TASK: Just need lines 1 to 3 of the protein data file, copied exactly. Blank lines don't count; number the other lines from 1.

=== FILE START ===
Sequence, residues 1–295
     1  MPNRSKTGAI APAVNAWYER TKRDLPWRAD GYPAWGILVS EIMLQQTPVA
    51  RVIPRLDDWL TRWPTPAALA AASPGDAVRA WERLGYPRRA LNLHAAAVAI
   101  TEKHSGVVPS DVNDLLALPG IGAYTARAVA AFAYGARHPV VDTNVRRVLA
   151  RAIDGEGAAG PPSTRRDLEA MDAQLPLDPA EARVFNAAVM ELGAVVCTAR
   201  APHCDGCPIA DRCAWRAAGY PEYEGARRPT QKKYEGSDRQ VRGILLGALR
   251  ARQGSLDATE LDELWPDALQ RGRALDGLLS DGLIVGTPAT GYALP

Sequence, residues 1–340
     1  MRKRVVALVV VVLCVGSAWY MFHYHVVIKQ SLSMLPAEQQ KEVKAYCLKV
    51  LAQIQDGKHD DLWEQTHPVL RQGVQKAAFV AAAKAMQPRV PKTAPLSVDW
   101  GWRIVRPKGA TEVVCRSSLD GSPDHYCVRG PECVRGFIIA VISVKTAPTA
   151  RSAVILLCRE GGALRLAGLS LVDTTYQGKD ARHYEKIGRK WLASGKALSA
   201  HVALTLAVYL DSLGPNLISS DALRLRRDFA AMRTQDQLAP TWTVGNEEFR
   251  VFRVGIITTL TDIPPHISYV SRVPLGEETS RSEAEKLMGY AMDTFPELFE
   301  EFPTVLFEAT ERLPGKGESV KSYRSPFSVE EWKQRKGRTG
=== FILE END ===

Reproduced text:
Sequence, residues 1–295
     1  MPNRSKTGAI APAVNAWYER TKRDLPWRAD GYPAWGILVS EIMLQQTPVA
    51  RVIPRLDDWL TRWPTPAALA AASPGDAVRA WERLGYPRRA LNLHAAAVAI